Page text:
Miami-Dade County

South Florida smuggler of deadly synthetic heroin from China pleads guilty

Fentanyl and its chemical variants, which are often laced into heroin, have been flagged by public health authorities as the most lethal synthetic drugs pouring into the United States.
Fentanyl and its chemical variants, which are often laced into heroin, have been flagged by public health authorities as the most lethal synthetic drugs pouring into the United States. Illustration

A South Florida man believed to be the first suspect charged locally with smuggling deadly synthetic heroin from overseas through the U.S. mail pleaded guilty on Wednesday in Fort Lauderdale federal court.

The conviction of Aldolphe Joseph on charges of conspiring to distribute fentanyl and its heroin-like variants, along with gun possession by a felon, followed a circuitous investigative trail from China to Canada to South Florida.

Joseph, 34, of Miramar, faces up to 20 years in prison at his sentencing on March 18 before U.S. District Judge James Cohn.

Drug Enforcement Administrative agents uncovered Joseph’s supplier in Canada, who had bought packages of synthetic heroin from labs in China, according to a criminal complaint. The Canadian trafficker, a Colombian national, used a contraband cellphone to make his global deals over the Internet while serving time in a Canadian prison outside Montreal, federal prosecutors say.

The ease of ordering synthetic drugs such as fentanyl from Chinese websites — spotlighted in the Miami Herald series “Pipeline China” — has created a new breed of dealers who use U.S. mail services to deliver the cheaply made chemicals.

The feds indicted the Colombian, Daniel Ceron, and members of his ring in July. Ceron was arrested in Panama while on a layover to be deported after finishing his drug-trafficking and attempted-murder sentence in Canada.

Inside Ceron’s prison cell, investigators found a phone and a ledger with Joseph’s name and the address of a Pembroke Pines private-mail facility. Below the notation, DEA agents found six tracking numbers for mail packages that had been sent from Canada.

Joseph had been exchanging emails and buying pills from the inmate’s ring, according to the criminal complaint filed by prosecutor Anita White. One package seized by agents intended for Joseph contained 1,494 grams of fentanyl, potentially worth millions on the street.

According to the criminal complaint, DEA Agent Michael Buemi created an account with a private-messaging app and began posing as Ceron. “Joseph stated that he only wanted to buy narcotics from Canada and had people waiting to sell to,” according to a factual statement filed with his plea agreement.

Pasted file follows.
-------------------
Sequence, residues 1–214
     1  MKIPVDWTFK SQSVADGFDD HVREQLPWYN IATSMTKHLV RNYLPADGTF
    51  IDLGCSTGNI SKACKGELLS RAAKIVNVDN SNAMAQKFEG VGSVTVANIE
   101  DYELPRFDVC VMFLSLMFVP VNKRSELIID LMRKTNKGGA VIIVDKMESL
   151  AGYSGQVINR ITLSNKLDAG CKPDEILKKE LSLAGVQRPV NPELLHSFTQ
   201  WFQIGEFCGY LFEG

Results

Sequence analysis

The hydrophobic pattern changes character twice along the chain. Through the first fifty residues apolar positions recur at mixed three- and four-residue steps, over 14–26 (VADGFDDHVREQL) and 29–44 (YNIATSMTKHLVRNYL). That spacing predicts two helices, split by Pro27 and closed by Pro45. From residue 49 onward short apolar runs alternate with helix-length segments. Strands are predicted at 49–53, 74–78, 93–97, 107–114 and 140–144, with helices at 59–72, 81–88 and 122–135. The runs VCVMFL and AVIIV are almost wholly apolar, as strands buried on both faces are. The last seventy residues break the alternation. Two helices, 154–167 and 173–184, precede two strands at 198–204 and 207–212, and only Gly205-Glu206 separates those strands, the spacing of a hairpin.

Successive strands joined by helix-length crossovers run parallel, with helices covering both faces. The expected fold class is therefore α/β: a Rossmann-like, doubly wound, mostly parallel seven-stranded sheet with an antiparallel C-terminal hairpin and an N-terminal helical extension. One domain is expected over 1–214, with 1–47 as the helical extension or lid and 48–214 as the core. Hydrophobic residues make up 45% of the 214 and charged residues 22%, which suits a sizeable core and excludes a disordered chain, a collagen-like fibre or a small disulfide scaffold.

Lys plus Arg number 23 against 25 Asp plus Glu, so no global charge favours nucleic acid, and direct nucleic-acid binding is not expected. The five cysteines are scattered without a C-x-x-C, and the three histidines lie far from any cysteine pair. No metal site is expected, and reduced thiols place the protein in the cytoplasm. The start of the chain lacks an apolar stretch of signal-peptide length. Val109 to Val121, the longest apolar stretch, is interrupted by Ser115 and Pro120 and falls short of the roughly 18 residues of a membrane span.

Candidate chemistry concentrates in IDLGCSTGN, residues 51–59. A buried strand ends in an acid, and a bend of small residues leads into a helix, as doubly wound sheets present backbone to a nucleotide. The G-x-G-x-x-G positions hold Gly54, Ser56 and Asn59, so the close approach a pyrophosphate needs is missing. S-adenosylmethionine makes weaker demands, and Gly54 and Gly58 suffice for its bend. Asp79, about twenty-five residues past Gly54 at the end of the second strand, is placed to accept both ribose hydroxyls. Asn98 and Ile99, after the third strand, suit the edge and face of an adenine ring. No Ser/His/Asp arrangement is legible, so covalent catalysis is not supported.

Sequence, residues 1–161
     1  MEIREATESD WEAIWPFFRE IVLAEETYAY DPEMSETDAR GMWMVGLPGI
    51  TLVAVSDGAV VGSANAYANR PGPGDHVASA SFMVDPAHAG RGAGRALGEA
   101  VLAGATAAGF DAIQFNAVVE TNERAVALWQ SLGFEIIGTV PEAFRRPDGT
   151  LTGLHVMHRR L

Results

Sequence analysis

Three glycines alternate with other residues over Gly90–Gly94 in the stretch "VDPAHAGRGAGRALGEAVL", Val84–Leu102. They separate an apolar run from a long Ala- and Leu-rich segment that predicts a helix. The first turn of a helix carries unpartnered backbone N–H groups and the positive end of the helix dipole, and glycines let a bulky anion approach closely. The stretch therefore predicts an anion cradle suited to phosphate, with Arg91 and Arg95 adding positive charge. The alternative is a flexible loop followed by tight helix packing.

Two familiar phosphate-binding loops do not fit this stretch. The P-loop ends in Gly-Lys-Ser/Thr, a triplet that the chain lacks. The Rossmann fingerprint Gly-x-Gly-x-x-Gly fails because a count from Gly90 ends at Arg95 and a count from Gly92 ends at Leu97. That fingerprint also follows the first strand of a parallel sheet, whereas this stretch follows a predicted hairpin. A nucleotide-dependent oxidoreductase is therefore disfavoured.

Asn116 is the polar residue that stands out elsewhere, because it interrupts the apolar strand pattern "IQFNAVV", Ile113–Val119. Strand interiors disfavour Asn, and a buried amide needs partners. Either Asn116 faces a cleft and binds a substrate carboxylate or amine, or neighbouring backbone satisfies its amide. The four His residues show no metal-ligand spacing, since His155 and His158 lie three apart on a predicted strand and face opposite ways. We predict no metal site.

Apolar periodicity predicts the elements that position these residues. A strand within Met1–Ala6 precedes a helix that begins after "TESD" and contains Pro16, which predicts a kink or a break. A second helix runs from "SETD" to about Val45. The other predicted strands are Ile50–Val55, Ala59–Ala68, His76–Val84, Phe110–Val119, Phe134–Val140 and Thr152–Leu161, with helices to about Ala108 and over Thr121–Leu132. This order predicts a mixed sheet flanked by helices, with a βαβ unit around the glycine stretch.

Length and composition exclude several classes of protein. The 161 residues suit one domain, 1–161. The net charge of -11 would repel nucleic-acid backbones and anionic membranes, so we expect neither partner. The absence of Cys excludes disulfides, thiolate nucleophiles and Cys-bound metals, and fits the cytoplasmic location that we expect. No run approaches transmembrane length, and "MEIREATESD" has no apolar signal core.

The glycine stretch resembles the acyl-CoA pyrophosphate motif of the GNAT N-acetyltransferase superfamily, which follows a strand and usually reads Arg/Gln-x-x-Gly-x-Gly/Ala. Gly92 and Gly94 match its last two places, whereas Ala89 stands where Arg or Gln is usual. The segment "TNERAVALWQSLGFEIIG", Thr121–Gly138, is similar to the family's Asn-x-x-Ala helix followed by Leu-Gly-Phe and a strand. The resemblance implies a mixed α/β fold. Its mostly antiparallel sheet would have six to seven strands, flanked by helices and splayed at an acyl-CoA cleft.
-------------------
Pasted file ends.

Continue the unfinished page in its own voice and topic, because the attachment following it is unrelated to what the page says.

Joseph sent the undercover agent nearly $3,000 in Bitcoin payments for a drug debt owed to Ceron. Then, on Sept. 18, Joseph negotiated to buy one kilogram of “acetyl fentanyl” — a variant of the drug — for $20,000 to be shipped to a post office box in Pembroke Pines, the defendant’s statement said.

Ten days later, undercover agents delivered a Canada Post package containing a kilo of “sham” narcotics to the Pembroke Pines address. Joseph’s sister picked up the package and delivered it to his home in Miramar, according to the statement signed by Joseph and his attorney, Zeljka Bozanic.

Agents arrested Joseph as he drove away in a black Cadillac. They found the package of sham drugs in the back seat.

Joseph was eventually indicted on charges of conspiring to import and distribute fentanyl, along with possession of a firearm as a convicted felon.

Agents tracked down Joseph in their stepped-up efforts to slow the pipeline of synthetic drugs from China, which has helped fuel a spike in fentanyl-related deaths. Statistics from the Florida Department of Law Enforcement show that deaths caused by fentanyl overdoses statewide jumped a staggering 114 percent in 2014 over the previous year.

Fentanyl and its chemical variants, which are often laced into heroin, have been flagged by public health authorities as the most lethal synthetic drugs pouring into the United States.

The fast-acting painkiller has been used as a surgical analgesic for decades, but in recent years, synthetically made versions of the drug exported from China and other countries have made their way to the United States and Canada.

This fall, China bowed to official complaints from abroad by banning fentanyl and its derivatives along with more than 100 other synthetic drugs, including alpha-PVP, known as flakka, which has set off public health alarms in Broward County.

There, the state attorney’s office issued a report this week spotlighting the damaging effects of flakka — a disorienting synthetic stimulant that triggers bizarre behavior — but only mentioned fentanyl in passing. However, records show that fentanyl and its variants have killed far more users in South Florida and the rest of the state.

Jay Weaver: 305-376-3446, @jayhweaver

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